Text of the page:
Our big-city buildings are a major part of the overall climate problem, but they are also key to the long-term solution.
Our built environment can and must be activated in ways that help restore biodiversity. It’s a lofty ambition, but one that we believe is achievable.
This is where programs such as Colliers Real Estate Management Services’ (Colliers REMS) nature-based property activations come into play and one of the ways our national Environmental, Social and Governance (ESG) team is working with clients and property management teams to make an impact.
Role of nature-based climate solutions
Achieving emission reductions at a pace that will deliver on the country’s net-zero 2030 and 2050 targets is heavily dependent on the rapid acceleration of retrofits and innovation across existing buildings.
That said, nature-based solutions present an opportunity to positively add to nature’s balance sheet while also enabling improved ESG performance for buildings and the communities they are a part of.
As reported by the World Wildlife Fund (WWF), nature-based solutions and broader land sector restoration could contribute up to 30 per cent of the climate mitigation needed by 2050 to meet the Paris Agreement objectives.
Nature-based solutions are actions or policies that protect and restore ecosystems to increase resiliency while protecting biodiversity and human well-being.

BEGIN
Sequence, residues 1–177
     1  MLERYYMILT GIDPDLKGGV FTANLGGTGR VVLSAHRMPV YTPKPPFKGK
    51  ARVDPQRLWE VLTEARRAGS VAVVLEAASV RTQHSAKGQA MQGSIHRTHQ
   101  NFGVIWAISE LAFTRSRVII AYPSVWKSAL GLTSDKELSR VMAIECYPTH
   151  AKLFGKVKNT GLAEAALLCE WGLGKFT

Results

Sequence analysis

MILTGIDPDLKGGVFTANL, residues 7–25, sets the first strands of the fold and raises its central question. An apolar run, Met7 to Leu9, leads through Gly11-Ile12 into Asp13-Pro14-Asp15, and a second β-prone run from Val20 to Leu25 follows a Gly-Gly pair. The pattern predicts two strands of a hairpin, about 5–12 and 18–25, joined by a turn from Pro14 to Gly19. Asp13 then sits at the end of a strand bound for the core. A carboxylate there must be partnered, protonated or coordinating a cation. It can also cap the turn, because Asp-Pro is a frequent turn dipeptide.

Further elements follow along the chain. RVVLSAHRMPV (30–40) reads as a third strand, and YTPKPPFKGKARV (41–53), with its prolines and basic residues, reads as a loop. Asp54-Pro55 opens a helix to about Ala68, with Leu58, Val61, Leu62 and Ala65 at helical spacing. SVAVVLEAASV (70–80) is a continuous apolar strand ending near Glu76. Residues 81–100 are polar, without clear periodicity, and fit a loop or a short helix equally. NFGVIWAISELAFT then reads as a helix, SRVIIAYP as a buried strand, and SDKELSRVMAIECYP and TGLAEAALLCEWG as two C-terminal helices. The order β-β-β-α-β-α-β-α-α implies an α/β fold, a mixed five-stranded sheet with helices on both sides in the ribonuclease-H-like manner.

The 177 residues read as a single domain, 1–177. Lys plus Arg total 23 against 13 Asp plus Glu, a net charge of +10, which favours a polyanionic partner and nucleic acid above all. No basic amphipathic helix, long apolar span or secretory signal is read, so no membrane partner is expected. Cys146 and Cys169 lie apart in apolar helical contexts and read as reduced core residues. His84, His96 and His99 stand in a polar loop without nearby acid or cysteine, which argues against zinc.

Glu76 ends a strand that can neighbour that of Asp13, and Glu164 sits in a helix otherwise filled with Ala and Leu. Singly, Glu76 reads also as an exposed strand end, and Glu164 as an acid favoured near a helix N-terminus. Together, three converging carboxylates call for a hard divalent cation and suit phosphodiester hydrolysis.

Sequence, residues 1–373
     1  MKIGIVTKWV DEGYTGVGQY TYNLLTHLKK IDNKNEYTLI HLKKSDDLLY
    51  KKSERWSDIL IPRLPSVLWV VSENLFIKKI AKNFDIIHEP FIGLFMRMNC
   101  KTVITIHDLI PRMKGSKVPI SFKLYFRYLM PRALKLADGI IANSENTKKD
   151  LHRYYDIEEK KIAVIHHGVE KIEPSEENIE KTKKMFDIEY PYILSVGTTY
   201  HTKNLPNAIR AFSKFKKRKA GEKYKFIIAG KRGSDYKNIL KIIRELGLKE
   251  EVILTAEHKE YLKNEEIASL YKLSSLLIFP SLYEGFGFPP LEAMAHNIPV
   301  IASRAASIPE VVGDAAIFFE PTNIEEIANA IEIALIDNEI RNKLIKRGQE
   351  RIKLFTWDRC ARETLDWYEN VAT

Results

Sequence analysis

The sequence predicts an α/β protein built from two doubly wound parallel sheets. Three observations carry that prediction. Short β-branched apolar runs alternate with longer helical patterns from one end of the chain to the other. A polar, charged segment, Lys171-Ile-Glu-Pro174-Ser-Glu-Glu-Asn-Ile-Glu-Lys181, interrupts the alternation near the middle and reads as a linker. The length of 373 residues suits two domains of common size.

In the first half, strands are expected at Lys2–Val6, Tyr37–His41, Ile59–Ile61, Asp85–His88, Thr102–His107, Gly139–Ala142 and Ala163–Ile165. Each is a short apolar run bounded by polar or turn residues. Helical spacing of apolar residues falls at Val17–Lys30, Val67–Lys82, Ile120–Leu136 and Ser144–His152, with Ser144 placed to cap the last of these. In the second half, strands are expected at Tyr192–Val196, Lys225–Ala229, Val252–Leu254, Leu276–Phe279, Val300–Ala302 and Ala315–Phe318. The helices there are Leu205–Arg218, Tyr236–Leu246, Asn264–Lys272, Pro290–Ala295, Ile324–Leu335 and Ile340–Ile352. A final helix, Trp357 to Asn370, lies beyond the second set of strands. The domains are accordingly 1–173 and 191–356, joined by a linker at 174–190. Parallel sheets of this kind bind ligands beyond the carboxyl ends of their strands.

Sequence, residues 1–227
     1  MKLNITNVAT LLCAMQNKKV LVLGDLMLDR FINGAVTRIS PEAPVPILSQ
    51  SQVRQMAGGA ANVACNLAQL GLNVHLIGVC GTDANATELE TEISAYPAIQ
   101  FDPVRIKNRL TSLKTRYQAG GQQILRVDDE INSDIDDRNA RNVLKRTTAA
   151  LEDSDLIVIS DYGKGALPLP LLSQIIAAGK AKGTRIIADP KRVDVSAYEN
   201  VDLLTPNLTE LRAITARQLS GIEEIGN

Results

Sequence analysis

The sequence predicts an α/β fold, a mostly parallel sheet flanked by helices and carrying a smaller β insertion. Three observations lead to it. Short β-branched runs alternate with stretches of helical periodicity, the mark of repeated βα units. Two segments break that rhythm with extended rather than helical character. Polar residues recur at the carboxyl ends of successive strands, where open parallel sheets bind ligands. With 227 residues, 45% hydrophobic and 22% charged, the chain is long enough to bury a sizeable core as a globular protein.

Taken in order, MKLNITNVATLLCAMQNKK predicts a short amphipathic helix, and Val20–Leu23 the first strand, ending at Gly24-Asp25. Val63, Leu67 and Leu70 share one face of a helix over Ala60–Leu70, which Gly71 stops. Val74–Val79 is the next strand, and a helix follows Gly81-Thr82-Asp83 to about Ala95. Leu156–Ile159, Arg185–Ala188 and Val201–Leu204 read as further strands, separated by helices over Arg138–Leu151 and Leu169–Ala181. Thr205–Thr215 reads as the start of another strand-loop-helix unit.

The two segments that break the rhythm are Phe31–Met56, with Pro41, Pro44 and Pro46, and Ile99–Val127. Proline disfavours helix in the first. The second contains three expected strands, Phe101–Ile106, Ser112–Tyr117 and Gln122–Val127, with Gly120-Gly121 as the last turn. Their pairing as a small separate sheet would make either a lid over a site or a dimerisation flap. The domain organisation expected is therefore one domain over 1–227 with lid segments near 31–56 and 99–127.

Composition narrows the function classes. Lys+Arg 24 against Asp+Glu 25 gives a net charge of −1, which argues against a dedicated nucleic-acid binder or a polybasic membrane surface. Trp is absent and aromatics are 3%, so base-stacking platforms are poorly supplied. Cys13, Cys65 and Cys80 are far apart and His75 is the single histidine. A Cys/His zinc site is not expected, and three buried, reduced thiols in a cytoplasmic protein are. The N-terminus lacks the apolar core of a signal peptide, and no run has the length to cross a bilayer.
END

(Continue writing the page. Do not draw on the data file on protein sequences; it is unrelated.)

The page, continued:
Examples include protecting ecosystems like forests, mangrove forests and coral reefs — but also implementing strategies that improve biodiversity in our cities.
Our buildings and cities have replaced forests and wetlands, reduced rainwater absorption and increased pollution and flood risk while destroying or degrading wildlife habitats.
The WWF says nature-based solutions such as green roofs, rain gardens, or constructed wetlands can reduce damaging runoff, reduce flood risk and protect freshwater ecosystems.
Natural solutions also keep cities cooler during the summer, support birds and pollinators, and make our cities more pleasant and comfortable.
Introducing nature at any scale helps restore biodiversity across dense urban areas across the country, creating a corridor of micro-ecosystems that support and encourage healthy flora and fauna.
For example, Colliers REMS has been scaling the development and installation of bird-nesting habitats, edible and pollinator gardens, and native perennial garden projects at properties we manage, intentionally foregoing ornamental or decorative alternatives.